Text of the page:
Taking on the Skeptics
The fact that the human body is pulsing with subtle energies and detectable electromagnetic phenomena, however, fails to stand, in itself, as specific evidence of chakras. And, the considerable differences in the chakra literature, from author to author and from tradition to tradition, might seem to be evidence of chakras’ nonexistence. But hold on. The lack of agreement by experts on complex phenomena is hardly unusual. Experts on the economy hold forth tenaciously to exactly opposite positions; experts in physics proffer drastically divergent models of the very structure of the universe, and I can personally attest that experts in the field of anatomy identify dramatically different perspectives and emphases of the physical human form in a manner utterly confusing to most people. It is therefore unfair to demand of experts in a field as complex as human energy systems that they all agree on every point. The structure of the human energy field, if it has anything to do with the physical body at all, will be correspondingly intricate. Even a great variety of interpretations and conceptualizations for simplifying such a complex and living reality will not exhaust the potential ways one could approach the subject. We can, however, try on different approaches for size to see how they fit.
The Observer Problem
I have found that what you actually see in the physical human form is completely dependent upon what you’re looking for. If you see the body as a machine, you will look for — and you’ll find — discrete and separable parts: you will create them with your idea and with your scalpel, and there they will be: a liver here, an eyeball there. If you see the body as an “onion tree” (the organic model with which I primarily work), you will look for, and find, and demonstrate for anyone to behold, layers and continuities: a great fleece of superficial fascia here, a heart tree with its intact branches gloriously extending from trunk to periphery there. Both approaches discern in the physical body aspects of what is there, and then abstract what they find from the greater reality as a matter of emphasis. But the reality of the body is neither the collection of its parts nor a series of textural layers; it is, rather, a nearly infinitely complex whole.
Reflecting on the chakras then, we might consider them as points of emphasis, abstracted and mindfully specified out of the whole that is the living and moving energies of the human field. Just as endocrinologists, gastroenterologists, and orthopedists will have very different relationships with and levels of interest in the pancreas, for example, we can fully expect different perceptions, interpretations, and schematizations of the chakras from those who perceive and work with them directly. And, as an anatomist may spend a lifetime looking at certain aspects of the body without much concern in others, those who work with the subtle energies of the human body may or may not have much to do with chakras.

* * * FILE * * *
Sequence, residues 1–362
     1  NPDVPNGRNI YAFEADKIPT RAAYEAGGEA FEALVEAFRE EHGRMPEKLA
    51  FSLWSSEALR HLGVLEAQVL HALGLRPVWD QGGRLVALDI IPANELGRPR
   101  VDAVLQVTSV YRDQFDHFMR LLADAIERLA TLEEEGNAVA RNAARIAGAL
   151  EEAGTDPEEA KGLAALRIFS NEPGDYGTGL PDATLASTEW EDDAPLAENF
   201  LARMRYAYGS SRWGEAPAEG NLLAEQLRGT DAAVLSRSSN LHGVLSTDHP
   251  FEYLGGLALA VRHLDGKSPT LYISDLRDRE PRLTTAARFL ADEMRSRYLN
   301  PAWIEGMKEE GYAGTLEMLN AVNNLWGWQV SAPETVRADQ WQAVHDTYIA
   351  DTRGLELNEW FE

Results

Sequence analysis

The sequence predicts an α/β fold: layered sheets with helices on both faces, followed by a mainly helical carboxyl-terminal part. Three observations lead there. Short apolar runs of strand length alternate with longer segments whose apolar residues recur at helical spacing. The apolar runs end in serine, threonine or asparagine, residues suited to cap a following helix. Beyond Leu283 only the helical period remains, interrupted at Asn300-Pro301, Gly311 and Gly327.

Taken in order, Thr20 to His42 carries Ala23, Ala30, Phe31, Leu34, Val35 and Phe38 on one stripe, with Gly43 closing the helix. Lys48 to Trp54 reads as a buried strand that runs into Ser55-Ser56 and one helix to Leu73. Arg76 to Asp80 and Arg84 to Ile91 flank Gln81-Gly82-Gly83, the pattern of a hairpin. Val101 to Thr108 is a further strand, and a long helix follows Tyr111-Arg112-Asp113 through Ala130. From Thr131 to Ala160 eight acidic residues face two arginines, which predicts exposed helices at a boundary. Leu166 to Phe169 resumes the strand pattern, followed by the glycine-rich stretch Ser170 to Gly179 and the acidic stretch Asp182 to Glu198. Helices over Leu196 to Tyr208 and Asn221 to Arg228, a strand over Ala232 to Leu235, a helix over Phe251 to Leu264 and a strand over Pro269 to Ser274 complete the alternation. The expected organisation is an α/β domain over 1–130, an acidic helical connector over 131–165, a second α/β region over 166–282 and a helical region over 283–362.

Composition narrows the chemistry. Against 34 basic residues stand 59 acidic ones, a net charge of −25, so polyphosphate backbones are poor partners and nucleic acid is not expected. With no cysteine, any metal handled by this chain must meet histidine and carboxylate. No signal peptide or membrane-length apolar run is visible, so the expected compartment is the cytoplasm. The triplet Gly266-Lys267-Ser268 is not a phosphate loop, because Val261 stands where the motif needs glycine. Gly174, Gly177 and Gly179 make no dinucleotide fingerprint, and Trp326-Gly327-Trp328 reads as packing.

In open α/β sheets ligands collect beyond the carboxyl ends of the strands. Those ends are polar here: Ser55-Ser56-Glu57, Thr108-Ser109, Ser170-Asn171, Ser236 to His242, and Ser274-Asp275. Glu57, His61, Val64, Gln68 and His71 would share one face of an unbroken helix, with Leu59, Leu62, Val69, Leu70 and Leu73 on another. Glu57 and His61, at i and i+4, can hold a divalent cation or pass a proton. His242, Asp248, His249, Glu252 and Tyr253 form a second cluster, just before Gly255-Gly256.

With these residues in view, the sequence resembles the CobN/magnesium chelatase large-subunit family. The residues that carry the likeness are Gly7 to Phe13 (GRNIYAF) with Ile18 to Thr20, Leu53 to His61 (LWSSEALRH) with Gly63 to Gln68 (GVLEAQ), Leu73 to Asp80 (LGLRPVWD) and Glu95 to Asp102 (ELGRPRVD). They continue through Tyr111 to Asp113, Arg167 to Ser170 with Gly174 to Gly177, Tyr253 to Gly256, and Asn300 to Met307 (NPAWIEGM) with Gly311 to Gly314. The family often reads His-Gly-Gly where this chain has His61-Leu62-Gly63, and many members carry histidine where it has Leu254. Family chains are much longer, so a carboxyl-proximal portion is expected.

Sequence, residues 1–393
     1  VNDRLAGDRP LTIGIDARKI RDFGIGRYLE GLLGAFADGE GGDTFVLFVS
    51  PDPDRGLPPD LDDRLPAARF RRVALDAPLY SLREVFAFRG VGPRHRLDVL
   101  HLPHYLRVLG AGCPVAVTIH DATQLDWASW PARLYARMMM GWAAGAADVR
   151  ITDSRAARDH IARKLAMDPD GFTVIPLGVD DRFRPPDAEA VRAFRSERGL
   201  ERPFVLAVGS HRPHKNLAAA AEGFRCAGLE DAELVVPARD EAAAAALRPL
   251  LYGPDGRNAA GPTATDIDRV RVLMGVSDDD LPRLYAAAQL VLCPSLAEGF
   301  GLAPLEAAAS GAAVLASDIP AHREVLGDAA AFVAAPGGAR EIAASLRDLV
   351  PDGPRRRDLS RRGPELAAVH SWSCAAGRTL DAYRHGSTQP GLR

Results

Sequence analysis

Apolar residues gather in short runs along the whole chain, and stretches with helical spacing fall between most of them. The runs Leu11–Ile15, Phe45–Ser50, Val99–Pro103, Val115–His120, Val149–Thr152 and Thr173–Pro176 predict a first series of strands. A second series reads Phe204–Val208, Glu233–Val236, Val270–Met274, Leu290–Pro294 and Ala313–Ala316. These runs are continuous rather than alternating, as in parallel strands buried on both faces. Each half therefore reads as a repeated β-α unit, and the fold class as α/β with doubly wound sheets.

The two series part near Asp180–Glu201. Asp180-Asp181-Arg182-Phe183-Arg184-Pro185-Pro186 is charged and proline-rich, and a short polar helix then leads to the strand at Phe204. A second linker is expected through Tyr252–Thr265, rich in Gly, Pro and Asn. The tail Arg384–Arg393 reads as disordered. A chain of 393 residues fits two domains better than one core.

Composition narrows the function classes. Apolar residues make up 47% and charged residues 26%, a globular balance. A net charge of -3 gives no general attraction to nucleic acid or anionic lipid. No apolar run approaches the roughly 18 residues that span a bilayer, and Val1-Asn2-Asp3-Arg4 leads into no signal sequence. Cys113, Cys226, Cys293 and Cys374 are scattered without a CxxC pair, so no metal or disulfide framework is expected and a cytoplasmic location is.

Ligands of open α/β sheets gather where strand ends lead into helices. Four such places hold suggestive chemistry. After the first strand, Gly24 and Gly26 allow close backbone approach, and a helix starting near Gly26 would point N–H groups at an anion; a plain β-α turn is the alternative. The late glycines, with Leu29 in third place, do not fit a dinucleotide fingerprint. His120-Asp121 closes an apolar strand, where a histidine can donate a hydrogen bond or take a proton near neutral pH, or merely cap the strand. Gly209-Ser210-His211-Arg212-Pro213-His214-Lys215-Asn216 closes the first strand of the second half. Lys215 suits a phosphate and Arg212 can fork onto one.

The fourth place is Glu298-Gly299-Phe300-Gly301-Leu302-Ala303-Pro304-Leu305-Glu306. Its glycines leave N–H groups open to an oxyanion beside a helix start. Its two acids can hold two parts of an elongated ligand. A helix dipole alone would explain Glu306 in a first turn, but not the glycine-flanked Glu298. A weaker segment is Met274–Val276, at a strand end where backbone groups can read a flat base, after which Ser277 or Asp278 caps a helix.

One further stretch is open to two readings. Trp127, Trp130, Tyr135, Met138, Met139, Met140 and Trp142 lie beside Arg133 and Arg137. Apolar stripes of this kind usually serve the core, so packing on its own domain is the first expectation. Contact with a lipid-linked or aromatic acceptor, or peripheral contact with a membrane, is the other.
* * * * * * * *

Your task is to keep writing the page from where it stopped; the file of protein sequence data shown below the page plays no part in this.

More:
There’s a young clairvoyant and a healer named Adam of increasingly epic stature in western Canada. Neither in his healing work, nor in his four books, nor in his instructional DVD, nor in his packed-to-the-walls workshops on the subject of self-healing through visualization and intention, does he place any particular emphasis on chakras. Adam told me that he imagined that schematizations of chakra systems “were created and simplified for teaching and instructional purposes. Where there is more metabolic activity in the body, such as the heart, I see an increase of light intensity, so there may be some correlation between chakras and metabolic activity. I do not work with them as discrete points of activity. My guideline is how the person’s energy is flowing. I can ‘see’ when a person does effective visualizations through intention — [his] energy moves, changing patterns and flow. That is when I know that the person is influencing [his] own health.”
Ron Lavin is also a clairvoyant teacher and healer, and like Adam, Lavin has “seen” the human energy field his whole life. He acted on his gifts, helping others develop their own skills in service of others and founding 14 healing schools here and abroad. He offers a particularly poetic and spiritual perspective, flowing from his vision of the world and the body as expressions of divine source.
He wrote to me: “Chakras are like God’s breath, swirling energy from light into matter. The chakras vibrate from higher to lower frequencies, as they move down the chakra systems through the body.” He further says, “In rare moments of unity consciousness, I have seen, felt, and exchanged smiles and nods with the elemental energetics of various chakras’ essences. Looking like lotus flowers tossing their lazy heads in the wind, while riding on the buoyant rolling waters, it’s no wonder the ancients acknowledged them as variations of various floral images. As an aspect of light, they work to refresh the soul’s creation.”
In this account, the chakra system is a luminous reality: Lavin likens chakras to “the flowing waters of great ancient river systems, with their eddying whirlpools, endlessly moving back and forth from bank to bank, shifting their courses, while displacing and removing natural and foreign debris.”
When Lavin “puts the chakras in their place,” it is in a decidedly spiritual place, an aspect of the soul’s metabolism in motion. In his own words, “Pure spiritual revitalizing essence moves into and through our bodies from Source, as requested from our glandular systems, always at the beck and call of our vital organs. Spiritual essence may also enter and refresh the body from a healer, by employing light, will, and intention.” This type of healing happens “always and only in harmony with a healer’s willingness to accept [his or her] own growth and change. This is how healing becomes integrated into our lives.”